How To: Use NMAP 7 to Discover Vulnerabilities, Launch DoS Attacks and More!

Use NMAP 7 to Discover Vulnerabilities, Launch DoS Attacks and More!

How to Use NMAP 7 to Discover Vulnerabilities, Launch DoS Attacks and More!

NMAP is an essential tool in any hacker's arsenal. Originally written by Gordon Lyon aka Fydor, it's used to locate hosts and services and create a map of the network. NMAP has always been an incredibly powerful tool, but with it's newest release, which dropped mid-November of last year, they've really out done themselves.

NMAP version 7 comes equipped with a ton of new scripts you can use to do everything from DoSing targets to exploiting them (with written permission, of course). The scripts cover the following categories

Auth: Use to test whether you can bypass authentication mechanism

Broadcast: Use to find other hosts on the network and automatically add them to scanning que.

Brute: Use for brute password guessing.

Discovery: Use to discover more about the network.

Dos: Use to test whether a target is vulnerable to DoS

Exploit: Use to actively exploit a vulnerability

Fuzzer: Use to test how server responds to unexpected or randomized fields in packets and determine other potential vulnerabilities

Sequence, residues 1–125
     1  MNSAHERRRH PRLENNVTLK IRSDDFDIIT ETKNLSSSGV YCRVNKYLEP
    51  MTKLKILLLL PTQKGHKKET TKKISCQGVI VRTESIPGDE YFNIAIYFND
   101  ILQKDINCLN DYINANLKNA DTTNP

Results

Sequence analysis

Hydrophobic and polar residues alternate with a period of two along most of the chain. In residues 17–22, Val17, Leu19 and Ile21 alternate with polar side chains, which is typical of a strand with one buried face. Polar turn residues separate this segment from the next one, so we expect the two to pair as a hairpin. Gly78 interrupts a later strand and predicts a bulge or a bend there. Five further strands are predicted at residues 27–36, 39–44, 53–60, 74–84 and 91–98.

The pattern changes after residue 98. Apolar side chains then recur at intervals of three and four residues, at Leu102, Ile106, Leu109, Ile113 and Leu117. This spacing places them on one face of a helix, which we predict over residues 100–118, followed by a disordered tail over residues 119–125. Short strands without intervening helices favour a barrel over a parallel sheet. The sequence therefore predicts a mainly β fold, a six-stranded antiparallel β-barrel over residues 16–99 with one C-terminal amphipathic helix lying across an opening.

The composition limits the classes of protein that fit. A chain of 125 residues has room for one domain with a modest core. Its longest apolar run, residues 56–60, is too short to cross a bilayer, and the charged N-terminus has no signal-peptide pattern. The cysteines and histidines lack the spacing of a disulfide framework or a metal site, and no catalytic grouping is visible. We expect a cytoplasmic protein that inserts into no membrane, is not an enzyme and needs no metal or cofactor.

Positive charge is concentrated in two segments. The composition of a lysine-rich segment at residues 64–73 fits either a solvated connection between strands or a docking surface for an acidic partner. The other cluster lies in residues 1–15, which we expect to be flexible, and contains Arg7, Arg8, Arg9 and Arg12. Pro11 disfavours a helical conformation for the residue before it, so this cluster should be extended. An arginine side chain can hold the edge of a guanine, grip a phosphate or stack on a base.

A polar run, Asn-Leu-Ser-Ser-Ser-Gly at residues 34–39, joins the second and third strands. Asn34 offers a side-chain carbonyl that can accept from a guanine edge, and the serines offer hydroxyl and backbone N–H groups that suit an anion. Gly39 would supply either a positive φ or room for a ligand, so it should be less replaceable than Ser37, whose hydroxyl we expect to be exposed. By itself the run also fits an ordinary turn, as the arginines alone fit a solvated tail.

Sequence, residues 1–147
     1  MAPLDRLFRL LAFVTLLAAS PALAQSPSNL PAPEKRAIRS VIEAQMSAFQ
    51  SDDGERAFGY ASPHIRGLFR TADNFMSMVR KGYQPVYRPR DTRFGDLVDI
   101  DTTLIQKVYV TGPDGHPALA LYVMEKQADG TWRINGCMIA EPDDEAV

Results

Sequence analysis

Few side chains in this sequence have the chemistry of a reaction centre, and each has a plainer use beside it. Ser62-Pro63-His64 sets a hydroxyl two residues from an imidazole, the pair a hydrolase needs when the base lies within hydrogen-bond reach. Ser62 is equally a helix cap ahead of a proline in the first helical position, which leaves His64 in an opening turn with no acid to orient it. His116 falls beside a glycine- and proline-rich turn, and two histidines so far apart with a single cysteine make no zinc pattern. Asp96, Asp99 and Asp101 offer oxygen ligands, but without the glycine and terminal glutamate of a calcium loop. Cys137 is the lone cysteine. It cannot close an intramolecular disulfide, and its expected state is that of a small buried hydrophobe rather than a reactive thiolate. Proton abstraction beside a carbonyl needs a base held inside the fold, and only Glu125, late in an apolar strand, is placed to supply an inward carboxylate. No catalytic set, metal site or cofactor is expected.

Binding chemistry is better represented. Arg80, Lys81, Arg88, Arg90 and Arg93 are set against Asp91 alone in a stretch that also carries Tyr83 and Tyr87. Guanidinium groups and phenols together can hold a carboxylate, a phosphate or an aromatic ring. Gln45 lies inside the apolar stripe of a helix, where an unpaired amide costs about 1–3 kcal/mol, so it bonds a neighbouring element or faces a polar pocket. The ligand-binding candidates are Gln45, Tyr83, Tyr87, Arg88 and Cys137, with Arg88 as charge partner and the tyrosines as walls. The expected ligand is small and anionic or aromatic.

Intrusive: Use to perform more intense scans that pose a much higher risk of being detected by admins.

Malware: Use to test target for presence of malware

Safe: Use to perform general network security scan that's less likely to alarm remote administrators

Vuln: Use to find vulnerabilities on the target

For this tutorial, I will show you how to scan a target for vulnerabilities, actively try and exploit any vulnerabilities, test whether the target is vulnerable to DoS, and then finally launch a DoS attack.

Step 1: Download NMAP

Download nmap from and follow the installation instructions for your particular Operating System. NMAP works easily on both Windows and Linux. After installing you will have NMAP and ZENMAP on your computer.

ZENMAP and NMAP are the same thing except ZENMAP provides you with a graphical user interface. For the rest of this tutorial you can chose to either run NMAP from your command line, or launch ZENMAP and enter the commands in the GUI.

Step 2: Run NMAP

Now that we've got NMAP installed, it's time to scan our target for vulnerabilities. As mentioned there is an entire category of scripts dedicated to finding vulnerabilities on a target. Invoking the following command will run all of the scripts against your target.

nmap -Pn --script vuln < or ip> <enter>

*I always throw a -Pn in there just in case the target blocks ping probes, although it's optional.

Step 3: Review Results

After your scan completes, review NMAPs output to determine what vulnerabilities were found. It will list it's findings along with applicable CVEs and links to any exploits that exist in Offensive Security's Exploit Database.

Use NMAP to Actively Exploit Detected Vulnerabilities

As mentioned, you can also use NMAP's exploit script category to have NMAP actively exploit detected vulnerabilities by issuing the following command: